Soldiers drafted in to cover up Border Force strike

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Soldiers drafted in to cover up Border Force strike

Hundreds of soldiers have been told their Christmas leave is being cancelled for the second year in a row after they were drafted in to replace striking Border Force guards.

Troops who served on Covid wards during the Omicron wave last year are being asked to fill in at airports. The Public and Commercial Services Union PCS has announced that Border Force staff will be sacked from December 23 to Boxing Day and December 28 to New Year s Eve.

A total of 100 troops have arrived in Gatwick and Heathrow, where they will remain until the end of the strikes in the new year. Some are housed in hotels.

The soldiers are trained on how to check passports and spot instances of modern slavery. 600 personnel have been drafted in to replace the striking Border Force staff.

Hundreds of soldiers will be sent to drive ambulances and provide logistical support in an effort to limit the impact of co-ordinated strikes on the NHS. The Ministry of Defence is about to agree to a request from the Department of Health for military support under the military aid to civil authorities protocol, known as Maca.

During the Pandemic, soldiers delivered PPE and set up mobile testing units under the same arrangement.

Some of the troops drafted in to help at airports Christmas was one of the last opportunities for them to see their families before they go on six month foreign deployments next year. Members of the armed forces are not allowed to strike by law.

They have a pay rise of 3.75 per cent this year, while the Border Force workers are demanding a 10 per cent increase. A private in the army earns 21,424 a year, compared to a starting salary of 21,431 for a Border Force officer.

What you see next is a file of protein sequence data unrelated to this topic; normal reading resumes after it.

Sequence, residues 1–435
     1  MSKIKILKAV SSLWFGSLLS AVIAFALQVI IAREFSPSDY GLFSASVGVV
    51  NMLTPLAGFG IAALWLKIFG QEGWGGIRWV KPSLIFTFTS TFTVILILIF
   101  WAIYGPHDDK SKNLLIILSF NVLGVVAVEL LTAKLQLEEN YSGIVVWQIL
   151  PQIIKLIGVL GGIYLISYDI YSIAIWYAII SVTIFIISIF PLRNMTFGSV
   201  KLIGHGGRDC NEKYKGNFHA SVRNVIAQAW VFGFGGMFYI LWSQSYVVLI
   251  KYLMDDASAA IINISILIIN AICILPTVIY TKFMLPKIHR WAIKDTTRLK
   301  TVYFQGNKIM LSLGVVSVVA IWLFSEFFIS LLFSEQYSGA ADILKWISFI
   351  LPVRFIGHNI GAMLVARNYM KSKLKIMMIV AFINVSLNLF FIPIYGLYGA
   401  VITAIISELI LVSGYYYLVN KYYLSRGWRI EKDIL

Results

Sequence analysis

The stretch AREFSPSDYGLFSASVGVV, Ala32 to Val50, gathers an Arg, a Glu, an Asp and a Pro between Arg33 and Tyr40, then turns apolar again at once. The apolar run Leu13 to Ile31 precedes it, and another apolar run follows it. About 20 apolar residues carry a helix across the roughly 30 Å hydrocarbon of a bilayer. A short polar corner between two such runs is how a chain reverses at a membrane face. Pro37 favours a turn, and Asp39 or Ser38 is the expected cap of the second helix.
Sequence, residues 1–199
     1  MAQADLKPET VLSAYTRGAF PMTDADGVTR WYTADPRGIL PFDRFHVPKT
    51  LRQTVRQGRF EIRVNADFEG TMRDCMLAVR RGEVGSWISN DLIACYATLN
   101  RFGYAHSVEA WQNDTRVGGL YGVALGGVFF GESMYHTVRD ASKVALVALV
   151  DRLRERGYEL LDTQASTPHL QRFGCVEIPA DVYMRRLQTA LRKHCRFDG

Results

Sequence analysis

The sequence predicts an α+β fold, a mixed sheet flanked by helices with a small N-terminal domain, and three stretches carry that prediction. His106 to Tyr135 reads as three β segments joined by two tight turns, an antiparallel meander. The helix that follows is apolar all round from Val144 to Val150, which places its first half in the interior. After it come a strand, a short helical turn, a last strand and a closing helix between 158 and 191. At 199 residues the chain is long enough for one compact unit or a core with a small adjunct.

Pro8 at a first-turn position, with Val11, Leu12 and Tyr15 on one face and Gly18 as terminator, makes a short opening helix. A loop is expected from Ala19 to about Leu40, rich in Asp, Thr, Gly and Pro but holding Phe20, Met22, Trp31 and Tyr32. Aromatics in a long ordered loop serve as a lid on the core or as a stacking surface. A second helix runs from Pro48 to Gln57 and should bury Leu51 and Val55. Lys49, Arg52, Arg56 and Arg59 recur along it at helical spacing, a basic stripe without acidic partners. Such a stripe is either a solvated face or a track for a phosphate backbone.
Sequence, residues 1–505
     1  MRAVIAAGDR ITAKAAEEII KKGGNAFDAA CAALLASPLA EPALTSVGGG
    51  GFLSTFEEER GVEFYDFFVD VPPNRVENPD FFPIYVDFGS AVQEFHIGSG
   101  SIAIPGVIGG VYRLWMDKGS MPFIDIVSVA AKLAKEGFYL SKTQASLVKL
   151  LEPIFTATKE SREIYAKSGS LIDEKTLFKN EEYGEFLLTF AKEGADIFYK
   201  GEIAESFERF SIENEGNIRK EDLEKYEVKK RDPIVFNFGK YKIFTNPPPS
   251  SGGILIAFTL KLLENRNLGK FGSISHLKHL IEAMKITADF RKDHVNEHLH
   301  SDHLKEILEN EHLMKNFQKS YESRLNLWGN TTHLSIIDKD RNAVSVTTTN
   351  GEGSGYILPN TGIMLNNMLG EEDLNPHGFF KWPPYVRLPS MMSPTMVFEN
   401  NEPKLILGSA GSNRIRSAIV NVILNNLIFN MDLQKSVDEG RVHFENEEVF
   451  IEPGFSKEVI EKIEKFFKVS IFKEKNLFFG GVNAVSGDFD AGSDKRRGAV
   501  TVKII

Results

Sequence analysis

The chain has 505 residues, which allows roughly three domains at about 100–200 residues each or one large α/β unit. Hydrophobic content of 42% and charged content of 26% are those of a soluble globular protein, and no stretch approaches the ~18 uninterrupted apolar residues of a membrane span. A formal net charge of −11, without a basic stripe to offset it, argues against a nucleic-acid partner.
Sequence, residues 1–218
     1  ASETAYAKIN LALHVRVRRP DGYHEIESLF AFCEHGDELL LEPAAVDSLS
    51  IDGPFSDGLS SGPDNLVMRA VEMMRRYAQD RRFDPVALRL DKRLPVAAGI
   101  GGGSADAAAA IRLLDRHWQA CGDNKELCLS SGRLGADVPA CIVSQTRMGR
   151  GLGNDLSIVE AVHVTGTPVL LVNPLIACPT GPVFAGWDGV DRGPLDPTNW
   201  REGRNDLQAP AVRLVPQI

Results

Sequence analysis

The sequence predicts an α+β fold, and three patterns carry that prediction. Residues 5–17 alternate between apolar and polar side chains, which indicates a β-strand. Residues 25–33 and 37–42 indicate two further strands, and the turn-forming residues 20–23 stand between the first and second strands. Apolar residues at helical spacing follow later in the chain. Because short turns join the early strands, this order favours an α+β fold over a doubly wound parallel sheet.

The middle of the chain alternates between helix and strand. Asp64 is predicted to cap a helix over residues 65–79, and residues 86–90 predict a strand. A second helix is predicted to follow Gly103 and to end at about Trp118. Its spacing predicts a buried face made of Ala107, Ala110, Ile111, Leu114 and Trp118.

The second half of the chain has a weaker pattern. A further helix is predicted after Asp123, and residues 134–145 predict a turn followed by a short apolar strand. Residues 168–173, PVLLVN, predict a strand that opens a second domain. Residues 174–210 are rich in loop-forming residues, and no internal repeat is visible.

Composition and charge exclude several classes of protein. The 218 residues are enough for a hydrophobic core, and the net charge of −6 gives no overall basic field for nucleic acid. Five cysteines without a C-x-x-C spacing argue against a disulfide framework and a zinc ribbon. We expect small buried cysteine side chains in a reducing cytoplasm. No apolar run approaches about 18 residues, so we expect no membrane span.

The education secretary, Gillian Keegan, said soldiers standing in for striking workers deserved thanks. We all owe a huge thank you to the military. She told BBC Radio 4 that they not only keep us safe and do the most incredible hard job and often away from their families, but they are also the backups. They don't have a right to strike, because they have a sense of duty. Our military is responsible for our country's duty. The former head of the army, Lord Dannatt, said it was unreasonable for the government to ask soldiers about to deploy overseas to cancel their Christmases for striking workers. Why should a soldier cover an ambulance driver? He said the government has to be careful because it risks seriously hacking off soldiers.

If there is a natural disaster, everyone understands why the military needs to be helping the blue-lights services. When the government is in the midst of industrial disputes that many people think the government can resolve but for political purposes chooses not to, the military becomes a substitute for striking labour. The armed forces have less spare capacity as they get smaller and remain very busy. It is unreasonable to think soldiers deploying in the new year are free to work before they go away. Robert Clark, a former soldier and defence director of Civitas, said that the army is being used as a convenient political plug, while other public sector bodies, who are able to strike, try to gain four times the pay increase that the army has had.

Christmas is a special time of year for soldiers and their families, and they never complain about the low pay inherent in their job. Compounding issues are the ever-reducing numbers that the army has, and it can ill afford to lose more good men and women, which covering these strikes will cause a lot of problems.